Browsing Tag: PhD chat

    photography

    Book: Photography After Capitalism, by Ben Burbridge

    February 18, 2021

    Publisher: Goldsmiths Press // Pages: 240 // Date: Dec 2020

    In 2011, a contemporary artist and a US council of war both made use of a series of photographs taken from satellite imagery. The artist was Mishka Henner; his Libyan Oil Fields appropriated the aerial views of petroleum extraction in that country which are freely available on Google Earth. The facilities appear high res, and, as has been noted, there are less interesting locations in the Libyan desert yet to warrant so much photographic detail. Henner was only the first to make use of these shots. The same year there was a US strike on some of these targets with some 110 Tomahawk missiles.

    The same year, another contemporary artist, Andrew Norman Wilson, got interested in the activities of Google, by filming employees in and around the corporate headquarters in California. One important role was to make digital photographs of books for Google Scholar, but those workers were only given ‘white badge’ status, and hence lost out on some of the privileges (free food, etc) given freely to their colleagues. Though his 11 minute film, Workers Leaving the Googleplex, has a wry connection with early cinema (See Workers Leaving the Lumière Factory, 1895), its more straightforward purpose is to draw attention what happens when photography becomes menial work.

    In Enjoy Poverty: Episode III, a 2008 film by Renzo Martens, we meet a group of Congolese wedding photographers who, instigated by the artist, attempt to boost their income by selling images of conflict to Médecins Sans Frontières. Their considerable efforts are rejected in what makes for a very uncomfortable scene in which the artist acts as broker with the client. And it appears that only Western photojournalists can be permitted to make reportage.

    What these three projects have in common, besides inclusion in the book Photography After Capitalism, is a concern with the more sinister aspects of contemporary imaging. From oil to systemic poverty via the digital academy, photography is everywhere. Artists who churn out examples of so-called poverty porn in order to condemn capitalism are not doing enough. It appears here that artists need to address photography’s role at the heart of capitalism, and Burbridge demonstrates page after page that fortunately many already do.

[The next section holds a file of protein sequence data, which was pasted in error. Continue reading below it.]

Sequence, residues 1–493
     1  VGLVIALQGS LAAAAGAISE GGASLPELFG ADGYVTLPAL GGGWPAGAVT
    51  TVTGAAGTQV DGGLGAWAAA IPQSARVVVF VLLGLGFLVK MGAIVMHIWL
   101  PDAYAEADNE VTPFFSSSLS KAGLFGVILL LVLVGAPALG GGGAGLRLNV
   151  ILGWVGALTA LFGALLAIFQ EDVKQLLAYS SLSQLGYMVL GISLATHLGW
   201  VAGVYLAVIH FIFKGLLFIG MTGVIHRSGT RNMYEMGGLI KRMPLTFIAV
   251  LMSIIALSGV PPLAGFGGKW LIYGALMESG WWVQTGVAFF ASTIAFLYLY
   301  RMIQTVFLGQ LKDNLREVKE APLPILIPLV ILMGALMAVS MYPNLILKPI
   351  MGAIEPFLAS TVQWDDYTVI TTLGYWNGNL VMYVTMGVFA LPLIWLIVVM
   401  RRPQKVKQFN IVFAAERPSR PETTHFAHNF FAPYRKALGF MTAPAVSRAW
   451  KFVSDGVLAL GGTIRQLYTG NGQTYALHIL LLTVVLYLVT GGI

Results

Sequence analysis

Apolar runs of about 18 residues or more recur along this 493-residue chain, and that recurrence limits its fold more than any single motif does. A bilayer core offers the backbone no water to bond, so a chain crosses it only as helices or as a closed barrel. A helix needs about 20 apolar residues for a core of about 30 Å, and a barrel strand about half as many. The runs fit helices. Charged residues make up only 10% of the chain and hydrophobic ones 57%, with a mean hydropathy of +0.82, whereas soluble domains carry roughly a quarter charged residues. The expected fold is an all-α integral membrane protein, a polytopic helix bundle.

But even that might not be enough. Critical art also enables left-leaning fans of critical art to feel that merely by consuming politically engaged art they are doing something. This issue is grappled with by many artists today. Yet even the high earning players in the art market have a critical edge, without which they would lose status and stock. It’s a problem. Burbridge does not call for the storming of the Googleplex, but he does agitate for more incisive photography projects and new social models which photography can facilitate.

    Renzo Martens, for example, has been instrumental in the establishment of a white cube gallery at a former plantation in Lusanga, DRC. Will it change much? The implication of its inclusion within these pages is that, locally, it makes a difference. And indeed once you’ve seen those pictures, and once you’ve read this galvanising book, you need never look at a photography exhibition at your own local white cube in the same way again.

    Photography After Capitalism documents the loss of innocence given rise to by ubiquitous images, the digital era, and mining for the components of smart phones. But the book also points to the experiences of photography, those projects of resistance, which might one day grant us innocence afresh.

    Purchase Photography After Capitalism from The Photographers’ Gallery Bookshop here.

    tourism, Uncategorized

    Be a rambler

    July 31, 2020

    In the late 90s, Diesel ran an ad campaign promoting tourism. It was the age of cultural missions in advertising, and the fashion brand encouraged you to “Be a tourist”. Diesel’s target audience were taking gap years and backpacking in the Far East with a dog eared copy of Alex Garland’s 1996 novel The Beach. They were self-avowed travellers not just sight seers. But hey, the ads were too funny.

    20 years later, we are still falling over ourselves to eschew tourism. But why? For my PhD I’ve been reading a bit about tourism and discovered the theory that tourism is the quintessential human condition, for post-industrial westerners. Dean MacCannell, who founded the discipline of tourism studies, has argued that we assert our modernity by gazing on evidence of the past. We do this because we cannot allow ourselves to identify with our oft tyrannical ancestors.

    Ironically, travel (not tourism) is one aspect of our premodern past. Tourism evolved from travel, and not vice versa. With roots in the 16th century notion one could complete one’s classical education with a Grand Tour of classical Europe. The world’s first travel package, from Thomas Cook as it happens, was a chartered train to a rally in support of temperance. Why would you want to go back to either of those travel propositions.

    So I was stopped in my tracks, in my hometown, on the beach, where I was neither tourist nor traveller by the exhortation on the side of BTN Bike Share hire bikes. You can read it in the photograph above. Unlike the most iconic Diesel campaigns from the nineties, it was not clear to me who was being addressed here. Surely no one living in Brighton. Day trippers are most likely, but it’s incredibly pretentious to consider yourself a traveller in a town set up to cater for hedonistic Londoners.

    Of course, Brighton does have its fair share of travellers. But most of those are parked up on the edge of Preston Park in converted horse trucks. I’m not sure they’re the corporate, app-driven, bike hire types.